Aug. 8, 2005
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Monday, August 8, 2005

Saved by the bomb?
In August, 1945, near Manila, and for years later, I thought my life had been spared by the use of nuclear weapons against Japan. Now, I'm not so sure

The San Juan Capistrano resident is a former GOP Central Committee Chairman.

On Aug. 6, 1945, at a staging area a few miles north of Manila, I was a non-commisioned officer in a company of Army Special Forces preparing for yet another amphibious assault.

For two years we had leapfrogged from southern New Guinea to the heart of the Philippines under Gen. MacArthur's command. Everyone knew that the D-Day of all D-Days was near at hand and was preparing for the mother of all landings with stoic resignation.

On that day the stunning news came that a super bomb had been dropped on Hiroshima with devastating effect. After confusing and contradictory reports we learned what the word "radioactive" meant and that the war was over.

Soon, orders came through for us to land at Wakayama on Honshu Island. Ours was the first contingent to hit the beach and, while we were prepared for combat, it was immediately obvious that there was no opposition and little to defend. After establishing a perimeter we cautiously reconnoitered. For several weeks I was able to move around freely and made a point of observing the damage that our B-29s had inflicted on every aspect of civilian and defense installations. There were no uniformed enemy soldiers except at the Osaka train station and those demoralized individuals were trying to slip home, one by one. Japan's main defense forces had been obliterated by the B-29s.

For years after, I was among those who felt that dropping the A-bomb was not only justified, but a military necessity. "I was one of those saved by dropping the bomb!" was my stock answer to the anti-nuke peaceniks. That usually shut them up, since I was most often the only one who had been anywhere near Japan during WW II.

End of story? Not quite.

In the late 1990s I became as proficient as an old guy can be at using the computer. While surfing the Net, trying to locate pictures of the Wakayama landing for a book I was writing, I came across a lengthy CIA Web site entitled "The Final Months of the War With Japan."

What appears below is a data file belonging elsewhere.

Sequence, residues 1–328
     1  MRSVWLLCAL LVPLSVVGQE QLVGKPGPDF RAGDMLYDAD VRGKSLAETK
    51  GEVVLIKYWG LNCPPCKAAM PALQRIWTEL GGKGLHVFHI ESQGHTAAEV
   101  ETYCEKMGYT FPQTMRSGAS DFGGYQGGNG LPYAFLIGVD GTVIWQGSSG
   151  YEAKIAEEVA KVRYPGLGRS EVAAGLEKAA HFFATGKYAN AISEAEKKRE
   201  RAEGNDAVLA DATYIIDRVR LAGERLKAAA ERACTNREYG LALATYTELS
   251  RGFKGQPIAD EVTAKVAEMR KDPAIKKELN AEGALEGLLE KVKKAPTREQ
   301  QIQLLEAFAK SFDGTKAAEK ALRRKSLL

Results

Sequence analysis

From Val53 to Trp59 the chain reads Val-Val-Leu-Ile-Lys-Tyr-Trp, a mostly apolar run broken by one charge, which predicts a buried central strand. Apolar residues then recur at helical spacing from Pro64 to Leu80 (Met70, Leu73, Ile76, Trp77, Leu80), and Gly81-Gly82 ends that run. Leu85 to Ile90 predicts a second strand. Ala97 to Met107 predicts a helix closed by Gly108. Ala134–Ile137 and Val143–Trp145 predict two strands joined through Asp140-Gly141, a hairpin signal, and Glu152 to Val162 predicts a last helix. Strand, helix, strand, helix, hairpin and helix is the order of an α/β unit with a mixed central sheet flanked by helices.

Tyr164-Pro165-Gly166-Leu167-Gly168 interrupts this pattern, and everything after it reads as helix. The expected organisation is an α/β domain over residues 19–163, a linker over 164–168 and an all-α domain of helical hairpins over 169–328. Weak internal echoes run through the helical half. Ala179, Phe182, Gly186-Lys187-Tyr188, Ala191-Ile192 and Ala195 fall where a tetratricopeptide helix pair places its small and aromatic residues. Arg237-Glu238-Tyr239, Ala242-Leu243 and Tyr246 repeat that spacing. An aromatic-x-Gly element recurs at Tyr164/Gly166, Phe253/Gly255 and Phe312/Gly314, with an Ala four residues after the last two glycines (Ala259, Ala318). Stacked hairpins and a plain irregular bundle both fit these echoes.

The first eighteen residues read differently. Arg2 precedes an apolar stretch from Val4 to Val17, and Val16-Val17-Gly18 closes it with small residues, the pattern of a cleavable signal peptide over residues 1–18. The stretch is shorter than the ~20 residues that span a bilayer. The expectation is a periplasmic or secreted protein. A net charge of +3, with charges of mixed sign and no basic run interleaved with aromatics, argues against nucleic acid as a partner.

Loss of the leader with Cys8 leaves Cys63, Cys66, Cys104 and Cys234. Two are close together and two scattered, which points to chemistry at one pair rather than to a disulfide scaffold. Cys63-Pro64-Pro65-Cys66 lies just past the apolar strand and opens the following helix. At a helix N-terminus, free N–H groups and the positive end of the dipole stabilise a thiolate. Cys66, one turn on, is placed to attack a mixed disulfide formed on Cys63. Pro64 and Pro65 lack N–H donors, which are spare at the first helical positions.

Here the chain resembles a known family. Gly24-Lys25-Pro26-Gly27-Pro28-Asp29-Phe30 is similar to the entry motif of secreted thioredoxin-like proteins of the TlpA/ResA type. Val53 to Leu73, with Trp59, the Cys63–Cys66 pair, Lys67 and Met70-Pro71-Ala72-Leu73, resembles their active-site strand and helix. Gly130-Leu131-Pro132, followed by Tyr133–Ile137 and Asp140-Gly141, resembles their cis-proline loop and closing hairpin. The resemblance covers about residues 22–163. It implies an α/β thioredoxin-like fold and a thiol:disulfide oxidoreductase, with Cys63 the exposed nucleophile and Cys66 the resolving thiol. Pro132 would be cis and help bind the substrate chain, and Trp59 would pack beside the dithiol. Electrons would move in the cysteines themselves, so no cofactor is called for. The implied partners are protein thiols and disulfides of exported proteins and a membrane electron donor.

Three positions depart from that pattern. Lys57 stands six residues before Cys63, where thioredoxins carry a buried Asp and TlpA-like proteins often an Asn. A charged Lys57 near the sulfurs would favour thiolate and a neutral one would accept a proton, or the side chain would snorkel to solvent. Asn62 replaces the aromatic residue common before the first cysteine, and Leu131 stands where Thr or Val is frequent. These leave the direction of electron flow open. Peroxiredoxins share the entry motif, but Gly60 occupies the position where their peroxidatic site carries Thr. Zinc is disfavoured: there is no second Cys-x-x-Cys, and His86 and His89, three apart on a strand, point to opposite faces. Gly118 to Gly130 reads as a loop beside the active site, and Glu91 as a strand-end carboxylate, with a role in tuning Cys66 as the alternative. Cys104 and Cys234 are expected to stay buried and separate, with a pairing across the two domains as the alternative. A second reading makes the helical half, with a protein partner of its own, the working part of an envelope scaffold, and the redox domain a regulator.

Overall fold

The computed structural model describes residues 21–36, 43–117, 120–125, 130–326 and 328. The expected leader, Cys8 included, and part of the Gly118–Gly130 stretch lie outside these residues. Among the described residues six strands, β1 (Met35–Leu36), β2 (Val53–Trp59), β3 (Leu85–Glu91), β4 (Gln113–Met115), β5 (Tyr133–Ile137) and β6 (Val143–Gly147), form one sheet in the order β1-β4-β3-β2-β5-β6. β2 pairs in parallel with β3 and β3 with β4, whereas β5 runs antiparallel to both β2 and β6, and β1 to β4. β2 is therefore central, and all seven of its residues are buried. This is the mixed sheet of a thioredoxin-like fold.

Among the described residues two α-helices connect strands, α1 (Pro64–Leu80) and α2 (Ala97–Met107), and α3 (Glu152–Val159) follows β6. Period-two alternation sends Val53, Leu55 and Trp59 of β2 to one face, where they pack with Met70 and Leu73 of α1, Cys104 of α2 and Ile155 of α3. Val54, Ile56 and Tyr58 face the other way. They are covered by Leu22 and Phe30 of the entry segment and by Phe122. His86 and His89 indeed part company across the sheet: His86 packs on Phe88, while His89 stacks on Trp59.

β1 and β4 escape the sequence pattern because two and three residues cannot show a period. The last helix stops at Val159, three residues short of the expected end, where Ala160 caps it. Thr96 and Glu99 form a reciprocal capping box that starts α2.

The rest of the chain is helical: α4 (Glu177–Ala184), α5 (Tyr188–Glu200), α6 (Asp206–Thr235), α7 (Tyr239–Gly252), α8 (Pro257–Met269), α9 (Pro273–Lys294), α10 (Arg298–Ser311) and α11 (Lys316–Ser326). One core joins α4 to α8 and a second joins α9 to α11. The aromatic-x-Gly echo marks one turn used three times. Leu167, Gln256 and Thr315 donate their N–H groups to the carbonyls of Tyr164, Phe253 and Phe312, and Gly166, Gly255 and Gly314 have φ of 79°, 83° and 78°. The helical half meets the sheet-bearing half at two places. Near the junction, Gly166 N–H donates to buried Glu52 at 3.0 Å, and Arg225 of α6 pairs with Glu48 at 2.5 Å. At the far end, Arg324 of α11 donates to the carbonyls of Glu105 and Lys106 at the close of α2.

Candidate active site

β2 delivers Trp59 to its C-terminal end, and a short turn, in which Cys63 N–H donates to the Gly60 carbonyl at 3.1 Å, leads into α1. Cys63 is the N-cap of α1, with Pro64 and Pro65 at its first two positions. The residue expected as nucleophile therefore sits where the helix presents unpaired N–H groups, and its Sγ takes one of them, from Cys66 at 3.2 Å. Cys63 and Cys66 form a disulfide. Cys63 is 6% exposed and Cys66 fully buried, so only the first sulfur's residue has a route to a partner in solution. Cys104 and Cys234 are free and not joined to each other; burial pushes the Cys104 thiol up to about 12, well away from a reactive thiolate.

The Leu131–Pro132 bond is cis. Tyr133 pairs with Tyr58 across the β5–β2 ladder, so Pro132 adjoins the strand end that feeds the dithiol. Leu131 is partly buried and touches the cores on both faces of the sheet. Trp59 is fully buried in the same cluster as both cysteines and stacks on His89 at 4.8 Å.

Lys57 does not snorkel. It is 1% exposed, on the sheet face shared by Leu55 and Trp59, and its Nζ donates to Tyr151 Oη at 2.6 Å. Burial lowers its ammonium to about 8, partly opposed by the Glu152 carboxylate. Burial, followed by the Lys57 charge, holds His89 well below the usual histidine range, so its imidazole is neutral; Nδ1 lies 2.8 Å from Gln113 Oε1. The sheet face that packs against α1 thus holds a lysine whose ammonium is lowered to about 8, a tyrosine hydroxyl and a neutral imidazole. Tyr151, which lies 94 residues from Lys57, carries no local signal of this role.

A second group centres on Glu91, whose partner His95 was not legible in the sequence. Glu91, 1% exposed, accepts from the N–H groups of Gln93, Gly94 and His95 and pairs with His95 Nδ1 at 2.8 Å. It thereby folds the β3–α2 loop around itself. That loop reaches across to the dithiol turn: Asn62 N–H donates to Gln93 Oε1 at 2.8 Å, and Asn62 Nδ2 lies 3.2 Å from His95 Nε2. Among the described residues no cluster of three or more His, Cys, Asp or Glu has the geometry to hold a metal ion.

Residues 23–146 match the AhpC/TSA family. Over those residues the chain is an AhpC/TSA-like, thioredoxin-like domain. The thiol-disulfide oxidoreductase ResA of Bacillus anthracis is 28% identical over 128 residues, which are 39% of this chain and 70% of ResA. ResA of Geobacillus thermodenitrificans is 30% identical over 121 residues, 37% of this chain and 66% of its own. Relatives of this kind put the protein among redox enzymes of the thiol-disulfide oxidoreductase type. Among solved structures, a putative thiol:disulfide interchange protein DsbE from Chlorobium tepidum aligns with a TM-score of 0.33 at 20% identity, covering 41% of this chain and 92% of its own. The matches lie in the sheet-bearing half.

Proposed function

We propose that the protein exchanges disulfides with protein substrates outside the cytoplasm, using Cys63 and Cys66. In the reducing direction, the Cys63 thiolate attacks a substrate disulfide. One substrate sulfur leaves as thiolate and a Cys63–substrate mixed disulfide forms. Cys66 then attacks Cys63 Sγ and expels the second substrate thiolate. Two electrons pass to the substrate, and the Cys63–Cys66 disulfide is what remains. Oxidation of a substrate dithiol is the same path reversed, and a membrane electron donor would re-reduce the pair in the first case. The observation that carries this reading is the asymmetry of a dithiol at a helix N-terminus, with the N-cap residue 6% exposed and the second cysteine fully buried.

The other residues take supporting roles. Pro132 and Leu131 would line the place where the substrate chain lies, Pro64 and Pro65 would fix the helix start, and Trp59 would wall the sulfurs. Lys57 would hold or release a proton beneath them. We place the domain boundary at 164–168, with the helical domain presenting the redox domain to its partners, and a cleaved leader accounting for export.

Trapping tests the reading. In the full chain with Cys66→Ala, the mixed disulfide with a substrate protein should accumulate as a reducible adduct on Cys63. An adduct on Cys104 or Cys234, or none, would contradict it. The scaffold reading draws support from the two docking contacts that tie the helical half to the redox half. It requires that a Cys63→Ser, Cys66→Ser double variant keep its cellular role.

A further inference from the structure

It is a detailed monograph, written in the late 1990s, describing every aspect of the last months of warfare in the Pacific, containing precise battle plans, the names of units and where they were to be deployed.

It also has voluminous intelligence reports that were available to commanders and decision-makers at that time. Estimates of enemy strength are shown in detail. The decision to drop an atomic bomb on Japan was made by President Truman and military leaders based on these reports, although the decision was not unanimous.

As I read on it became apparent to me that much of the raw data on enemy strength was gathered by dubious radio intercepts and the conclusions were even more questionable. Space does not permit detailing all of the misjudgments that were made in the process of estimating enemy defense capabilities, but the most grievous was the practice of intelligence officers considering every enemy unit identified by number as a division of 15,000 troops.

Another false calculation was that our intelligence considered all Japanese troops deployed in Manchuria transportable to defend the homeland and included them in the "enormous enemy force" waiting to repel American landings. The United States had absolute control of the air and sea at that time and no such movement could have ever been made.

Constant references also were made to "suicide" anti-landing-craft boats and the threat they presented to amphibious operations. I never saw them in Japan, but the few I did see in previous campaigns were laughable - Rube Goldberg-type bomb detonators mounted on a rowboat.

In response to the mass hysteria that had overtaken the pro-bomb crowd, MacArthur himself said at the time, "Throughout the Southwest Pacific campaigns, as we have neared an operation, Intelligence has invariably pointed to greatly increased enemy forces. This buildup has been found erroneous."

The truth is, I now believe, that in August of 1945, the Japanese Imperial Army could not have defended its homeland against a well-trained troop of Eagle Scouts.

Fast forward to the recent hearings on the failure of the CIA and other intelligence agencies up to and after the Iraq war. I could not believe my eyes watching on television, when I spotted the author of the CIA monograph, Douglas J. MacEachin, sitting at the witness table. I had previously tried to reach him at the CIA and was told that he had moved overseas.

It was my good fortune to speak with him later on the phone and I repeated my deep reservations about WW II Intelligence and the A-bomb. He was very courteous and explained to me, quite correctly, that what he had done was put down all of the information available to decision-makers of that time without making any judgments about their final decisions.

So I'll leave the question of whether or not our use of the A-bomb against Japan was justified to someone else, too. In the meantime I have stopped telling people that my life was saved by the nukes. I attribute it more now to sheer luck and the grace of God.

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